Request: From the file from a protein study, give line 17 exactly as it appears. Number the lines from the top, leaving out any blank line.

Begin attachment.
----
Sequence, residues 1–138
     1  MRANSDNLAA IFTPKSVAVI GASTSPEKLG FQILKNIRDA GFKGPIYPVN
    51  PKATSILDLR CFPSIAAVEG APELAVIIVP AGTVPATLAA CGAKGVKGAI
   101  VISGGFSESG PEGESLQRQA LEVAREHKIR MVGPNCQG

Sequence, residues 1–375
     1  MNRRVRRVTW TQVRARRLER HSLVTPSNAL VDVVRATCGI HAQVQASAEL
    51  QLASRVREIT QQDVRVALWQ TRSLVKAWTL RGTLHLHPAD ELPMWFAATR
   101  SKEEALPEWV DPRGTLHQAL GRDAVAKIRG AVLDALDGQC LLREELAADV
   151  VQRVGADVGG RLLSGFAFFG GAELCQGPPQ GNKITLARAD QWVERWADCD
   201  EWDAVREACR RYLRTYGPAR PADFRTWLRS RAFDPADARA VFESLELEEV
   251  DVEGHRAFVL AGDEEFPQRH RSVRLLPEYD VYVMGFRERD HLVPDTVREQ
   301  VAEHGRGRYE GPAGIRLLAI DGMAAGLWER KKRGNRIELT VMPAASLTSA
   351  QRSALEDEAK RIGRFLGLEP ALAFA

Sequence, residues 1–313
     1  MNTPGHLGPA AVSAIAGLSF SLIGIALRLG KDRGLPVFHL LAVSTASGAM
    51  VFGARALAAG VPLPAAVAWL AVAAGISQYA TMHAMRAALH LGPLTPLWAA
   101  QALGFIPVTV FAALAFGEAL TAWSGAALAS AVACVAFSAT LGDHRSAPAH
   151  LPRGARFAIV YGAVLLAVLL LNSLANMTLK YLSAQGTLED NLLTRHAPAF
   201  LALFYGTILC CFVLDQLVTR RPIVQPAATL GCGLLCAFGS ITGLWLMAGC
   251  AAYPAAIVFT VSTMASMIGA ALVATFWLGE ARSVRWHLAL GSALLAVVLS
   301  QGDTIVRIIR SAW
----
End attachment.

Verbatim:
   101  QALGFIPVTV FAALAFGEAL TAWSGAALAS AVACVAFSAT LGDHRSAPAH